"trouble maker"

Daniel O. Awduche awduche at awduche.com
Mon Jun 23 01:45:35 CEST 2003

As a matter of principle, the process needs to focus on the 
merits of arguments, not some characterization of the individuals 
involved. Often times, people in authority have a tendency to 
portray others with dissenting views as "trouble makers," thereby 
precluding the diligence of applying basic management skills to 
resolve contentious issues and/or drive towards rough consensus.

i.e. there should be no place for the term "trouble maker" in 
IETF documents.


-----Original Message-----
From: problem-statement-bounces at alvestrand.no
[mailto:problem-statement-bounces at alvestrand.no] On Behalf Of James Seng
Sent: Sunday, June 22, 2003 12:20 PM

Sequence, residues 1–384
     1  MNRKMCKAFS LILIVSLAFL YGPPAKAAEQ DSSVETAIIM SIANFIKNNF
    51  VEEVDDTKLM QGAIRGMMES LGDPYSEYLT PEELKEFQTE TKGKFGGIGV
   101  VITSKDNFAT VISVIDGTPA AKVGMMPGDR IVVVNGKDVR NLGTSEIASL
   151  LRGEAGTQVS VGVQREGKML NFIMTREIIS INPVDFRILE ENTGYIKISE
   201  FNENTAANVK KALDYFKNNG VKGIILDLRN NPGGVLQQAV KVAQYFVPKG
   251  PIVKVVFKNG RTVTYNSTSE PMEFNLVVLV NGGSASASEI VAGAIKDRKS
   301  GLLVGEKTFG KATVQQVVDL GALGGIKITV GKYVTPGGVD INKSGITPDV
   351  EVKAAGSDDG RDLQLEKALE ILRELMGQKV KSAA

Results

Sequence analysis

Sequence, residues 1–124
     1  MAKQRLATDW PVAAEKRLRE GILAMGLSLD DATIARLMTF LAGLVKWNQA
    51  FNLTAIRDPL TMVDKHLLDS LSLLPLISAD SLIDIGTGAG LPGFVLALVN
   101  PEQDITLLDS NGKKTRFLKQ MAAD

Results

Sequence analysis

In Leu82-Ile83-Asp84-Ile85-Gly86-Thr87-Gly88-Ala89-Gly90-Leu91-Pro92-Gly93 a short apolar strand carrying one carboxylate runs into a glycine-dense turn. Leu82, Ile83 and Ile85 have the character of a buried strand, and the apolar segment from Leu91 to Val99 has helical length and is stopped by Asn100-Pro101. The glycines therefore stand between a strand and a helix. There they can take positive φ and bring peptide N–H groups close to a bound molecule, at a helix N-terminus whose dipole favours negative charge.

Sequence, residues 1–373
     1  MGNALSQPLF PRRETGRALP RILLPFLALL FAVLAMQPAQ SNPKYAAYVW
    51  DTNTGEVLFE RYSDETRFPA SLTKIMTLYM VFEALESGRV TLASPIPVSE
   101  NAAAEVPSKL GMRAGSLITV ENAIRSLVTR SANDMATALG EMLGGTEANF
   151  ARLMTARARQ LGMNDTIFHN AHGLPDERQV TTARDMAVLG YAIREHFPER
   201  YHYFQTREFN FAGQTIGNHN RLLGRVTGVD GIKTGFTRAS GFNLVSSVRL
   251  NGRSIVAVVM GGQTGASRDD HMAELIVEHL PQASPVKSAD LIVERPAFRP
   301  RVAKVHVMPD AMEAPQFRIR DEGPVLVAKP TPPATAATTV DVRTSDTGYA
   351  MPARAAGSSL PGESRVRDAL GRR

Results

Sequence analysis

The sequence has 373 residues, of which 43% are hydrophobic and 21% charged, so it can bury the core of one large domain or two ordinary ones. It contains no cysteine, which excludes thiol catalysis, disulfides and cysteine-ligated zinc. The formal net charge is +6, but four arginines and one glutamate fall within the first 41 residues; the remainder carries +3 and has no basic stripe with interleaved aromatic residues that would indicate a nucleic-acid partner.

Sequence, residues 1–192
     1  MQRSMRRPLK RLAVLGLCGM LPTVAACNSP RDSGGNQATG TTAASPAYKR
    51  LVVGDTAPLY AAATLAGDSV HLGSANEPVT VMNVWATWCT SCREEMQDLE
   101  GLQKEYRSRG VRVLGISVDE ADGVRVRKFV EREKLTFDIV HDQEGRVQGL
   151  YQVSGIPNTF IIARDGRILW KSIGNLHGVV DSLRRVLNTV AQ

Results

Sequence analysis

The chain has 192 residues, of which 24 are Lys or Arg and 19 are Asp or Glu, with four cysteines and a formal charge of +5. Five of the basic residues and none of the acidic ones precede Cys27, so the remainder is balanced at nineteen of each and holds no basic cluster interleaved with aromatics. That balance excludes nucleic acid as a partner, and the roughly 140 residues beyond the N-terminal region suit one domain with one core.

To: problem-statement at alvestrand.no
Subject: "trouble maker"

I was going thru draft-ietf-problem-issue-statement and found something 

For those of us who have chair IETF WG, I am sure we have encountered, 
one time or another, members of the group whom we considered "trouble 

While the term "trouble maker" is a usually a matter of individual 
opinion, the type which I particularly have problem with are the ones 
who are extremely disruptive in the working group repeating issues 
usually with the attempt to derail the progress or having the attitute 
that "i-will-not-close-this-issue-unless-you-agree-with-me".

It become even more painful when these "trouble makers" are well-verse 
in "IETF appeal process" and not hesitant to use these rules to achieve 
their goal. It is a painful and waste of time for the chairs and the ADs

who are already overworked.

It is not unusual for a single "trouble maker" derailing the progress 
for as long as a year or more.

While we can debate over what is the appropriate solution to deal with 
"trouble makers", at least pls capture this issue in the problem

-James Seng

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